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With Mubarak Gone, Politics Is New For Egyptians

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With Mubarak Gone, Politics Is New For Egyptians


With Mubarak Gone, Politics Is New For Egyptians

With Mubarak Gone, Politics Is New For Egyptians

  • Download
  • <iframe src="" width="100%" height="290" frameborder="0" scrolling="no" title="NPR embedded audio player">
  • Transcript

The recent uprisings in Egypt toppled the 30-year rule of President Hosni Mubarak. The autocratic leader tightly controlled comments about the government. Egyptians are now learning how to express themselves politically.


The protesters who forced their way into the state security offices last weekend include Ibrahim al-Houdaiby(ph). He walked out with files that contained a profile of his grandfather, who had been a senior figure in the Muslim Brotherhood. Houdaiby himself has left the Brotherhood but at age 27 remains politically active. And in spite of those files from the past, he says he's more focused on the future, which is what we'll talk about next.

We sat down with Houdaiby in a Cairo restaurant and brought him on the line with another observer of Egypt's drama. Issandr El Amrani is a noted blogger who has been covering the effort to set up a new government - an effort led by generals from the old regime.

Mr. ISSANDR EL AMRANI (Blogger): You have at the head of the supreme military council a man who has been minister of defense since 1992. He's obviously associated with the former regime of Hosni Mubarak. And this is why I suspect that the military is eager to go as quickly as possible to set up a civilian regime that may have more credibility to handle some of these transitional issues.

But right now it's a very unstable situation still in the sense that the population is not clear where to look towards authority, especially since the government has little authority, the police has zero authority today. It's a bit of an uncertain time in that respect.

INSKEEP: I was interested, gentlemen, to see to see another development of the past 24 hours in Cairo, which is that women demonstrated in Tahrir Square, which is so world-famous now for the demonstrations that brought down Mubarak. They were protesting and apparently there was a counter-protest by people who believed that the women were in some way protesting against Islam. And some people were - were roughed up. Is that a signal of divisions within the opposition?

Mr. IBRAHIM AL-HOUDAIBY: There aren't divisions. There are just disagreements. And they are natural and they're healthy, actually, as long as they're properly managed. And to be properly managed we should have a presentation, a parliament where these disputes are brought onto discussions.

We have learned to express our views, but 30 years of oppression has taken away a great portion of our ability to listen to each other and to accept each other's views.

INSKEEP: Issandr El Amrani?

Mr. AMRANI: I think, you know, I agree with what Ibrahim said. You have to keep in mind that this regime for a long time, for decades, infantilized the population. It had a paternalistic approach. And people are just now learning to - how to express themselves politically again, especially outside of the country's elite. People aren't used to having their voices heard.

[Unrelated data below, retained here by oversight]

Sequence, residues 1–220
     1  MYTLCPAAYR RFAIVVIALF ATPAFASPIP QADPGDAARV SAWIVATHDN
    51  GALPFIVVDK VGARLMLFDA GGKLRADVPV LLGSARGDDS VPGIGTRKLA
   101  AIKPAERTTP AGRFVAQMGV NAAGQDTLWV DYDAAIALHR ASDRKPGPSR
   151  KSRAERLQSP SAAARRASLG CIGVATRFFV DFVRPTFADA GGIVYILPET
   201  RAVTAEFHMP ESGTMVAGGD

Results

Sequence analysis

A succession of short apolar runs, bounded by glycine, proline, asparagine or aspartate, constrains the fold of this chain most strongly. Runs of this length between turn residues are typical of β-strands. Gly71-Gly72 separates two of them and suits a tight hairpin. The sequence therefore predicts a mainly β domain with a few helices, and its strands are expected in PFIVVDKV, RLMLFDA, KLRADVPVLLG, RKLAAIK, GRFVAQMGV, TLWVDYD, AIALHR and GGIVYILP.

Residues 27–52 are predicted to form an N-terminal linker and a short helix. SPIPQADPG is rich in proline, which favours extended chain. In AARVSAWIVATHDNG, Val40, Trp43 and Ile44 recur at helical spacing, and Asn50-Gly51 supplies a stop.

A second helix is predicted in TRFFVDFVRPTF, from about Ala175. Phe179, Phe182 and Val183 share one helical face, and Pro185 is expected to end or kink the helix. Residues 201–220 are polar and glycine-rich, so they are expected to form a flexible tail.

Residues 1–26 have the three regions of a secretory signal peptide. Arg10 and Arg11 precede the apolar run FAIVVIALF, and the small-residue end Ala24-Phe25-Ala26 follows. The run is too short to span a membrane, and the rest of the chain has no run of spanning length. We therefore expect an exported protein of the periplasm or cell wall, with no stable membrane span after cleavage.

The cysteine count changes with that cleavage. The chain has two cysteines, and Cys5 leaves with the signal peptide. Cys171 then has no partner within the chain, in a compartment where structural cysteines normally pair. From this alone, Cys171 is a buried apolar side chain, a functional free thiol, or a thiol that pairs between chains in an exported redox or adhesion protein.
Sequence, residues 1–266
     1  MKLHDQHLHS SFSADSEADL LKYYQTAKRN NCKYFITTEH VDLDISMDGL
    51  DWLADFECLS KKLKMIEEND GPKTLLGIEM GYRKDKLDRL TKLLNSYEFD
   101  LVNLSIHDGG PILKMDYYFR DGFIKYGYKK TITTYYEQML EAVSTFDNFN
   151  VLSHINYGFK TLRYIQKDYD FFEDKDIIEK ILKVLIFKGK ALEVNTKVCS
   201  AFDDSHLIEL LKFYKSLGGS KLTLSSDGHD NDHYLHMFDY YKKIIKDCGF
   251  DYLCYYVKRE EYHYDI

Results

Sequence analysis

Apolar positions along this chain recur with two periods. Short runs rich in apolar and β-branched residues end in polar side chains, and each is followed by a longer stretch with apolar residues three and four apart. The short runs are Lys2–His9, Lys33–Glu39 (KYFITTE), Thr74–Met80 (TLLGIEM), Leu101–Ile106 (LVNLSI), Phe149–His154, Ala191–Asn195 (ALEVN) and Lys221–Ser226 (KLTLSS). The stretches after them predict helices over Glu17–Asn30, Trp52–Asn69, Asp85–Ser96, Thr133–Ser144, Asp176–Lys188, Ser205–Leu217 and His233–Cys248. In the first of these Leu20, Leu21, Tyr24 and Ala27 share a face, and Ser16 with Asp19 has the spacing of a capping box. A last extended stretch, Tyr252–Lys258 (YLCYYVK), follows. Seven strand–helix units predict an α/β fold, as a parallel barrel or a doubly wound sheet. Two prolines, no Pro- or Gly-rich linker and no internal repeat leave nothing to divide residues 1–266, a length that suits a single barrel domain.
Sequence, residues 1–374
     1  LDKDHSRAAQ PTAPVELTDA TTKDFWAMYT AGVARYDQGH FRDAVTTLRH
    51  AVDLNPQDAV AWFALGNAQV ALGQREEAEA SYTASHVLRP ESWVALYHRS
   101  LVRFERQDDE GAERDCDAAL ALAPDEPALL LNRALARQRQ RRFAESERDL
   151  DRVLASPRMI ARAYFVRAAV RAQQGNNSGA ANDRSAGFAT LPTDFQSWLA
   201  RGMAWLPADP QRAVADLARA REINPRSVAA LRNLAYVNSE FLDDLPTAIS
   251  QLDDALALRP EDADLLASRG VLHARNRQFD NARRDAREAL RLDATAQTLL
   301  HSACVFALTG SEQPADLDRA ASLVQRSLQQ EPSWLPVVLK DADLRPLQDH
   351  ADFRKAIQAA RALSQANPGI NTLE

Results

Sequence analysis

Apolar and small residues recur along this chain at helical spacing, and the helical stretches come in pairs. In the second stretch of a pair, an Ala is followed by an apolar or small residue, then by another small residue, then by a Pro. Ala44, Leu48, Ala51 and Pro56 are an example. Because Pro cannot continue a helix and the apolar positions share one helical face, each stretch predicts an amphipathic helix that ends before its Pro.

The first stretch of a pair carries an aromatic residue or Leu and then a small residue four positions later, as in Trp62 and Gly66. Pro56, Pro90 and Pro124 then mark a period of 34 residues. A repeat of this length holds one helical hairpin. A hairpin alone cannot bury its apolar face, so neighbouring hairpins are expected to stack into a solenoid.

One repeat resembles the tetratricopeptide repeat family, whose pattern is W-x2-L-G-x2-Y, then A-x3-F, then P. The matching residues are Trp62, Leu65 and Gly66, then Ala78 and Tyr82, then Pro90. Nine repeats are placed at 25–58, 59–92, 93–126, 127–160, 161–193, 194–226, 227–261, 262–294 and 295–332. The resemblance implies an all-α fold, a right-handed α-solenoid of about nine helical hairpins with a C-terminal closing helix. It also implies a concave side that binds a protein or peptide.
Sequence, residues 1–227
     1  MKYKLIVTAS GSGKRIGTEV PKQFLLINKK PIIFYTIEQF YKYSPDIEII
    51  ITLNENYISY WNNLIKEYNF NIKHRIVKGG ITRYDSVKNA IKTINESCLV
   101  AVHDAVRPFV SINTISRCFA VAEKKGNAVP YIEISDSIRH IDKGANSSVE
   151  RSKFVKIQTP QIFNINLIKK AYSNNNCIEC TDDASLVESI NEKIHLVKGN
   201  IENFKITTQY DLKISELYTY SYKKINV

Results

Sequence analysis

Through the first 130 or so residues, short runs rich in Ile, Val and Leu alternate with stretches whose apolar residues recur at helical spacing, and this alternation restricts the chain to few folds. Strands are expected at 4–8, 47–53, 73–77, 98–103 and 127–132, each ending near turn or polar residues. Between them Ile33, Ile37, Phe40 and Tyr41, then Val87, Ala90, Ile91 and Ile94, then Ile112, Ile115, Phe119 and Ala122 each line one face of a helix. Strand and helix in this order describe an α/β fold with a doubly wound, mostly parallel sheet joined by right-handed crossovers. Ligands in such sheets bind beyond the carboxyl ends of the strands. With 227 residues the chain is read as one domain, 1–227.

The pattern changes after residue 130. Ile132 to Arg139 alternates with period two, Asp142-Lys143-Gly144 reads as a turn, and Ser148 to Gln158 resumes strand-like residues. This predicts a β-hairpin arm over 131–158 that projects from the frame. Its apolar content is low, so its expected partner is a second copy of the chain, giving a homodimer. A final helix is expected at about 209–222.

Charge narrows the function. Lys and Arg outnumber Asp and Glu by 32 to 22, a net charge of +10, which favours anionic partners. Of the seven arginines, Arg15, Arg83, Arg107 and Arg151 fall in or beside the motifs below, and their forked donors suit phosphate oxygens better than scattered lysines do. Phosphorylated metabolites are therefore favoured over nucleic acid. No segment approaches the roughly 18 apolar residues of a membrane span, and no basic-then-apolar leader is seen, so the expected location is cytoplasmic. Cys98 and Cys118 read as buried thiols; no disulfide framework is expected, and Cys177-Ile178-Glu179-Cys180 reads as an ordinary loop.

INSKEEP: So we're in a situation where within less than two weeks there's going to be a vote on a constitution and then possibly parliamentary and presidential elections after that. What are the dangers of the coming days, gentlemen?

Mr. AMRANI: I think that there's a risk of going too fast. You know, the military would like to hold elections for parliament in June. Within that time there's no real chance for new political parties to organize. And you are left with the remnants of the former ruling party - the National Democratic Party -and the Muslim Brotherhood as the two forces that are the most capable of doing well in the election within three months.

And I don't think that that's going to be very representative. The results could disappoint a lot of people, especially if the former ruling party becomes, you know, essentially you get the same outcome - electoral outcome -that you had last year or five years ago. I think that's the big risk.

INSKEEP: Is it going too fast, Ibrahim?

Mr. AL-HOUDAIBY: I do realize that there are threats with moving forward too fast, but I think that what Churchill said about democracy applies to moving fast in this case. Because if we don't move fast, the challenges are even more. I mean, you're either giving the military even more power - and power is tempting - and they will decide to stay. Or you're going into endless conflicts.

What we should do is try and organize and mobilize the people to make sure that everyone will be represented in the next parliament.

INSKEEP: Ibrahim´┐Żal-Houdaiby is formerly a member of the Muslim Brotherhood and has been involved in the protests in recent weeks.

Thanks for taking the time to speak with us.

Mr. AL-HOUDAIBY: Thank you.

INSKEEP: We also spoke with Issandr El Amrani, whose blog is called The Arabist.

Thanks again for talking with us.

Mr. AMRANI: You're welcome.

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